Release the Ladybugs

This time of year, our garden is in full spring swing. Seedlings are growing, strawberries are ripening, tomatoes are flowering, and aphids are attacking. Luckily, this is also the time of year when my local nursery keeps a handy supply of ladybugs in their refrigerator.

For those of you not into gardening, next to the praying mantis, the ladybug kicks the most buggy butt in the garden. Not only does it not eat my plants, but it feasts on the little bugs—like aphids and white flies—who try to destroy my garden, particularly my roses.

And yes, you can find them in your local nursery’s refrigerator until just past Mother’s Day. The cool temps keep them in hibernation mode until they’re ready to bug up and get down to aphid eating business.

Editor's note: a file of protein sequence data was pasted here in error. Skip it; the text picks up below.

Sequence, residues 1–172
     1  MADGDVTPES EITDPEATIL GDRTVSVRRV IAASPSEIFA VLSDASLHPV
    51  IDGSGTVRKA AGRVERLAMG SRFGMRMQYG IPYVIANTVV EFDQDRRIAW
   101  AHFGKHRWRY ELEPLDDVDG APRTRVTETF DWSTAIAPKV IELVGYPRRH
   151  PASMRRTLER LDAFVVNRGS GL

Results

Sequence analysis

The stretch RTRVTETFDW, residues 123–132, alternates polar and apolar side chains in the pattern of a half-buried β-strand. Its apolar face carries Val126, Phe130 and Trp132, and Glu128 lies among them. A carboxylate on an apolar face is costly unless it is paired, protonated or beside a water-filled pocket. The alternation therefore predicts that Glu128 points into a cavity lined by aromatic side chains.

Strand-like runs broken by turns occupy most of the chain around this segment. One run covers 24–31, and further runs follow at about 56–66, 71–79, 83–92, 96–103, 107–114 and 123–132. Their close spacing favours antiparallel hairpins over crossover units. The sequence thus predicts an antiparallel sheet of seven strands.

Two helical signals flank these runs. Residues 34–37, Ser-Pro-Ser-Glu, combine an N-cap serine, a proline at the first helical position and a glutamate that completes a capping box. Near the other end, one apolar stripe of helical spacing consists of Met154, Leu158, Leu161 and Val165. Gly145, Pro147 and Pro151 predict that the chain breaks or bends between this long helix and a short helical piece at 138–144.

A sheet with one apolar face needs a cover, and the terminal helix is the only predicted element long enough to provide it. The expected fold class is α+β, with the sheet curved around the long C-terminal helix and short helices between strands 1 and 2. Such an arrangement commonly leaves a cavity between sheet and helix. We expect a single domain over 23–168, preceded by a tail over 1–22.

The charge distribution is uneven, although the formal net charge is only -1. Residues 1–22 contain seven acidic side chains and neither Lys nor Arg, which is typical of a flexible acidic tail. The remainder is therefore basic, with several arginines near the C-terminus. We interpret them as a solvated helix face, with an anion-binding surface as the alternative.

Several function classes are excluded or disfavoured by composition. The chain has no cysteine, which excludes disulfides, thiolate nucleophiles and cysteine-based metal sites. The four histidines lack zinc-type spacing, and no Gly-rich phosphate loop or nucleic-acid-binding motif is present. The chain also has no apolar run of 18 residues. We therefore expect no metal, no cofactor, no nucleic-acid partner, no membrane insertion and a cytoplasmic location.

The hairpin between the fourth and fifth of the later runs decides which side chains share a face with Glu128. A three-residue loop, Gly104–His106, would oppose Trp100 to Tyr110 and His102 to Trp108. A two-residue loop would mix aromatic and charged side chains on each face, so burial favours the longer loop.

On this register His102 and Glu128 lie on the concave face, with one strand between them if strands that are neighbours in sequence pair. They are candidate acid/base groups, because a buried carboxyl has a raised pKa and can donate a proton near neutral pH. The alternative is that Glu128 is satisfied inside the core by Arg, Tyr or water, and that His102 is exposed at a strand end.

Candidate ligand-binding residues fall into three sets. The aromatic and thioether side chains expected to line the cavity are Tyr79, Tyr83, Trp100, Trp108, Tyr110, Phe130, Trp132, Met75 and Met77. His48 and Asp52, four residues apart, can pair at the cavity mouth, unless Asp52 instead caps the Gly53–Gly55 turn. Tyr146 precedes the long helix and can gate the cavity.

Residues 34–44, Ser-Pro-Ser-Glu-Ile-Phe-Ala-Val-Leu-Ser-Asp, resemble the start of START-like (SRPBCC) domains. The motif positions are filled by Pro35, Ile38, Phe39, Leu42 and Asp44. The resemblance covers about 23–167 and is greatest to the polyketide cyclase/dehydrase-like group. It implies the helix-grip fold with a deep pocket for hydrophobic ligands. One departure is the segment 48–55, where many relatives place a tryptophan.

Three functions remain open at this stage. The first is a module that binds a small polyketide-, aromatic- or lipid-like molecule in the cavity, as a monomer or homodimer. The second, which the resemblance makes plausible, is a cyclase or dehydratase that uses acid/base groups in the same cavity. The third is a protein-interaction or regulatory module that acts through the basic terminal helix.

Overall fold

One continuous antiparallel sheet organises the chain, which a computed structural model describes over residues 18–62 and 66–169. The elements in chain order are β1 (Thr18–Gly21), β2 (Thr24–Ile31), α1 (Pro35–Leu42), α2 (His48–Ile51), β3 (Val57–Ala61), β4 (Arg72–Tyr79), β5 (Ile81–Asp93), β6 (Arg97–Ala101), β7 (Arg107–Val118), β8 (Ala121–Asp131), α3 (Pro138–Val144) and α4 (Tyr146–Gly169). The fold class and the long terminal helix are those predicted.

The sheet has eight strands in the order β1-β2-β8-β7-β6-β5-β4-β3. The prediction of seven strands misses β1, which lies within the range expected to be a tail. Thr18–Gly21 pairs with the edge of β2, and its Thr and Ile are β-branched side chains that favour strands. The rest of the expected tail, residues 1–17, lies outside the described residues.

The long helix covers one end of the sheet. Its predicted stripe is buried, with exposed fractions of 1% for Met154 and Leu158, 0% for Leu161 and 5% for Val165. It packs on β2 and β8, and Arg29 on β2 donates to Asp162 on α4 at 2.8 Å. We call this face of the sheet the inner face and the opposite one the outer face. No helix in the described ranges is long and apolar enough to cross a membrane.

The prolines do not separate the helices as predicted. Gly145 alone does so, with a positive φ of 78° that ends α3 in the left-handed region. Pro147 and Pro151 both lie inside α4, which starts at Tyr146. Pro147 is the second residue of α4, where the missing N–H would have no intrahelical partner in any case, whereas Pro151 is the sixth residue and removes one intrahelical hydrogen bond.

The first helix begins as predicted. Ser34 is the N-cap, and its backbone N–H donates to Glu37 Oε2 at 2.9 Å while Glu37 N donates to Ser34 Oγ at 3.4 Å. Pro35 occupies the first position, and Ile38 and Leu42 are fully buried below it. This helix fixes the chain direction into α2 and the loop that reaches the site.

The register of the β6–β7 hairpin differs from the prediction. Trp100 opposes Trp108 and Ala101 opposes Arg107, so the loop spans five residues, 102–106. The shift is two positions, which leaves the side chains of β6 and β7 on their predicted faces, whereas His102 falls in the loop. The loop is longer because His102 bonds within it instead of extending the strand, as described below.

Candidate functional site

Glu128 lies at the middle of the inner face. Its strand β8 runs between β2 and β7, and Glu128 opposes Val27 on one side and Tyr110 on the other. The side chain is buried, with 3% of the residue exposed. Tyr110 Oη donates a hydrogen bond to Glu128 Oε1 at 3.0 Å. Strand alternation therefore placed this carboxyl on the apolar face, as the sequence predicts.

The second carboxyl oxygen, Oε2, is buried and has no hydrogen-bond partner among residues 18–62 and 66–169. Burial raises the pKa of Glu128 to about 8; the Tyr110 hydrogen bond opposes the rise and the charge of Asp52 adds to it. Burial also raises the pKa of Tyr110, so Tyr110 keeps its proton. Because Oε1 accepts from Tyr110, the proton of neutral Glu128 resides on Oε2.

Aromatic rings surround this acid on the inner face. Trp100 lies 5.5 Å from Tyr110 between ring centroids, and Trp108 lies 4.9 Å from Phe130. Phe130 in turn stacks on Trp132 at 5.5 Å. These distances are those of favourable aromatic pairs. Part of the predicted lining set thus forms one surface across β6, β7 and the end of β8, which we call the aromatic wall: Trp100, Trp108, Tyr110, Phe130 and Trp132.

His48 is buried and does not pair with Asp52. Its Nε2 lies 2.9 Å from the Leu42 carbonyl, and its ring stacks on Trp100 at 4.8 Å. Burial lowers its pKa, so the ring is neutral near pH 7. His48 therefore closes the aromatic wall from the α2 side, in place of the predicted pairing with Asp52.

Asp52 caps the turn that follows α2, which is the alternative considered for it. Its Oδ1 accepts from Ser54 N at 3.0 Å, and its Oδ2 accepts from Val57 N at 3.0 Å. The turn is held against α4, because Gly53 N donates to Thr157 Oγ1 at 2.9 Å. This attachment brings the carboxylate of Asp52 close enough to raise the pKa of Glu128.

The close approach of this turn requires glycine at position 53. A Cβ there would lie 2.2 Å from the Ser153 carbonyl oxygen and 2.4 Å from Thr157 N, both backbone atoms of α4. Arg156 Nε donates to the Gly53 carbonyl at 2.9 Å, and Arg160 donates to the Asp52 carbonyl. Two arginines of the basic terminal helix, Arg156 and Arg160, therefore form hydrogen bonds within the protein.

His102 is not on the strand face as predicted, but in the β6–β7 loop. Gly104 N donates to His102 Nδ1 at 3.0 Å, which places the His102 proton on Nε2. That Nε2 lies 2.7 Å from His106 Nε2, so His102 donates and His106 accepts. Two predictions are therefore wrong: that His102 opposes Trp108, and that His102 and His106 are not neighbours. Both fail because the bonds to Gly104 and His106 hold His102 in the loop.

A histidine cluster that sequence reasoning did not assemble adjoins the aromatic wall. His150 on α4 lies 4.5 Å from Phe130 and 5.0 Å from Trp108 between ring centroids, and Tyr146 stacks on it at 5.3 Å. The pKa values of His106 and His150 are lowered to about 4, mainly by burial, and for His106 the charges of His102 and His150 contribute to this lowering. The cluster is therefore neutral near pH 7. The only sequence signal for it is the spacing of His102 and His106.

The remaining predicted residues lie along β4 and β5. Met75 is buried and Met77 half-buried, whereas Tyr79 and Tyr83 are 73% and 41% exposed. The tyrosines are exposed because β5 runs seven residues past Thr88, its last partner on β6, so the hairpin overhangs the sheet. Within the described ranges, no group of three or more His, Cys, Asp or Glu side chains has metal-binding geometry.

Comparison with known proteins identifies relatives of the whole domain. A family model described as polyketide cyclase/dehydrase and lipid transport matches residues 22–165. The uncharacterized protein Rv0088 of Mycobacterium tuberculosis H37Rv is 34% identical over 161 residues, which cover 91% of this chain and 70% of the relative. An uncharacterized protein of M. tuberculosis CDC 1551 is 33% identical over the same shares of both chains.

Every year, the kids and I get a couple containers and bring them home. We wait until evening and then go outside in the dusk and release the ladybugs. Since, of course, if we release them during the day, they’d just fly away.

Imagine 500 ladybugs being scattered around the garden. The shiny black and red beetles crawl up our arms, across our stomachs and over our fingers. We lightly blow them off our arms and gently place them on particularly infested plants. They scatter to dine, crawling up branches and across leaves while we watch in fascination.

For the kids, it’s one of their favorite gardening activities. They start asking for ladybugs as early as December.  And when they come home to see the brightly colored carton, it’s all I can do to keep them from opening it up before its time. 

I’m sure we’ll release one more carton in another few weeks. The kids are already excited about it. After all, how often do you get to stand still while beautiful bugs tickle your arms?